In principle, the liability of the shareholders of a GmbH is for the liabilities of the company Company excluded according to the GmbHG and judgments of the BGH (Federal Court of Justice). Against this background, it often makes sense to restructure a group of companies to avoid access by creditors to retained profits of the parent company. However, there are cases in which, according to the BGH's case law on the GmbHG Liability of the shareholder or the parent company. In such a case, the profits that were transferred to the mother would no longer be protected. The following compilation of the most important legal aspects differentiates between the liability of shareholders for the company's liabilities and the options for retaining the profits of a subsidiary GmbH in an "access-safe manner" against access from creditors. Managing Director are obliged according to the GmbHG to avoid corresponding liability.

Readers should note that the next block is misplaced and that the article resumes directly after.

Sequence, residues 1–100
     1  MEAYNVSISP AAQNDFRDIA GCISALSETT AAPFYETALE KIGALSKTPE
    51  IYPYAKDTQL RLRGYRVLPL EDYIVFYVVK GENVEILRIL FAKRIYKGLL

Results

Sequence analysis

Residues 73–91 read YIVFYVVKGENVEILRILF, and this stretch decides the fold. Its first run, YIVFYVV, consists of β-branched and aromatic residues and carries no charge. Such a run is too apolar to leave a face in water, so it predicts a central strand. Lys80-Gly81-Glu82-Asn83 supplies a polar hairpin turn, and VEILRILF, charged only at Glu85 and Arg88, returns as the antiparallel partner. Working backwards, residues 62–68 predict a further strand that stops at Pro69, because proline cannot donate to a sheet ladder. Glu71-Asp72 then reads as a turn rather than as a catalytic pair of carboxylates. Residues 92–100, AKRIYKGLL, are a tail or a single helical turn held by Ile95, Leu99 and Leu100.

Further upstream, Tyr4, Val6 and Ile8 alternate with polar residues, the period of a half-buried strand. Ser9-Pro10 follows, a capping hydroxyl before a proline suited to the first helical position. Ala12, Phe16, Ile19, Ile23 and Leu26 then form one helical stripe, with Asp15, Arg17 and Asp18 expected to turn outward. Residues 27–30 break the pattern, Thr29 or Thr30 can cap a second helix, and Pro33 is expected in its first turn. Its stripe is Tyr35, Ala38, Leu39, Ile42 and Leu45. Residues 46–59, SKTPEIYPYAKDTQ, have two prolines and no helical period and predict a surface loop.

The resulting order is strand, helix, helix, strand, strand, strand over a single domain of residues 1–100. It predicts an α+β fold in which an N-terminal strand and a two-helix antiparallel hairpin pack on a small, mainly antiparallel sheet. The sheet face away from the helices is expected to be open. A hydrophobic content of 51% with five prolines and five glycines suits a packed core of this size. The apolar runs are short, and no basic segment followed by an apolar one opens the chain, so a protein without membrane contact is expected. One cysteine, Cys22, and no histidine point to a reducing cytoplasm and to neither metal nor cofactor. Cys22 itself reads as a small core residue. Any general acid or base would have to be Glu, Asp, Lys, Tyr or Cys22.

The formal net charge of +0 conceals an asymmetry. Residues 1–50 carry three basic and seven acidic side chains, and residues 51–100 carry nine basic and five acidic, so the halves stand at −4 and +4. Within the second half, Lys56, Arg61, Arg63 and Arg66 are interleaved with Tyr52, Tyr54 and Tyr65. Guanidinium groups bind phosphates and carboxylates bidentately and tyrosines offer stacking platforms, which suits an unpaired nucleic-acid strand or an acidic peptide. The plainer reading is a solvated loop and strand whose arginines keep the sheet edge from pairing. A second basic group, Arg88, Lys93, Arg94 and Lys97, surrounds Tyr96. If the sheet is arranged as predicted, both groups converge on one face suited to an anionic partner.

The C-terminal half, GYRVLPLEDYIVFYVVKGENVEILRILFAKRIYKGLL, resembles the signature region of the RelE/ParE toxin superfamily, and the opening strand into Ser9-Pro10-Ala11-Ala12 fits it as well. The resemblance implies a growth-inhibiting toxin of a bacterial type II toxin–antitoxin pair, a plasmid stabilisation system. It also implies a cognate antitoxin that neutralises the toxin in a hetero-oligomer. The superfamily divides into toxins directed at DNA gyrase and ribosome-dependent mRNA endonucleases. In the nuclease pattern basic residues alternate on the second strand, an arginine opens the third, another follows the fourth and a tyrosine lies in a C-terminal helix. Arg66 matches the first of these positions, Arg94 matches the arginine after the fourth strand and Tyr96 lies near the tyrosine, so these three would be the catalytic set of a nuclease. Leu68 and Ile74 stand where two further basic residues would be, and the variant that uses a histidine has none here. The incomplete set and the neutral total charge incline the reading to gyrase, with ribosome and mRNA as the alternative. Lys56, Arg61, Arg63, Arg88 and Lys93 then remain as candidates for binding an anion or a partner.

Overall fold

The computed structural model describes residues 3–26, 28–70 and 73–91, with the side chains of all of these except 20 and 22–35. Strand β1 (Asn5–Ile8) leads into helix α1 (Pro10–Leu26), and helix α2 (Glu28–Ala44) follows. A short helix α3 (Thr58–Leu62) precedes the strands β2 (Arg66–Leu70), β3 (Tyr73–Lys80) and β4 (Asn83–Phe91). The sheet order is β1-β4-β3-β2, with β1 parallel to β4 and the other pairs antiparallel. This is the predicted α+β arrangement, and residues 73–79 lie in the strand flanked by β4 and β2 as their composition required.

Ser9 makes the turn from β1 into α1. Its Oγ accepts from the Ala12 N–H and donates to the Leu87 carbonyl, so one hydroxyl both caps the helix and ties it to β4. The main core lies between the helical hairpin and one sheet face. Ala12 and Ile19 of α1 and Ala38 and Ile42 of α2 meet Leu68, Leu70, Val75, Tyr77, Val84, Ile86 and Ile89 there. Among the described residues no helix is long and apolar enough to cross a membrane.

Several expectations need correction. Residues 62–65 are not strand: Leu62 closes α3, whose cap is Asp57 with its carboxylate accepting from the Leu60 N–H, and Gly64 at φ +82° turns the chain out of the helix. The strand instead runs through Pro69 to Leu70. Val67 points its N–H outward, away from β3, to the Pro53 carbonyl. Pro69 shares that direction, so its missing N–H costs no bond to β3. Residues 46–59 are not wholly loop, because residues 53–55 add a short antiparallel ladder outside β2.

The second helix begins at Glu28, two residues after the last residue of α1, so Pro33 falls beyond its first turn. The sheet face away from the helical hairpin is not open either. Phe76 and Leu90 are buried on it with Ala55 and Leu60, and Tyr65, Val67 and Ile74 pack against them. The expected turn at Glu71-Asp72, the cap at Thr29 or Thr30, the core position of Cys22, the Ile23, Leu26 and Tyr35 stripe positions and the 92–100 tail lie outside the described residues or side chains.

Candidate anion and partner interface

Principle: No access to shareholder assets
In principle, creditors have no opportunity to access the assets of the shareholders or the parent company to satisfy their claims. This applies regardless of whether the shareholder or shareholders are natural persons or companies themselves, such as GmbH. However, there are exceptions to this ban on direct liability on the shareholders' assets.
Profit transfer agreement
A profit transfer agreement between the parent company and the subsidiary creates joint liability on the part of the parent company for the subsidiary. A profit transfer agreement is a corporate agreement in which the subsidiary, as a controlled company, undertakes to transfer all of its profits to another company, such as the parent company (controlling company). It is often also stipulated that the subsidiary, as a controlled company, subordinates its management to another company, the controlling company (control agreement). Profit transfer agreements allow a tax-privileged transfer of profits from the controlled company to the controlling company. However, according to legal regulations, this transfer of profits is necessarily associated with an obligation on the part of the parent company to assume losses, analogous to Section 302 of the German Stock Corporation Act (AktG). These stock corporation law regulations apply accordingly to other legal entities such as GmbH according to the case law in BGH rulings.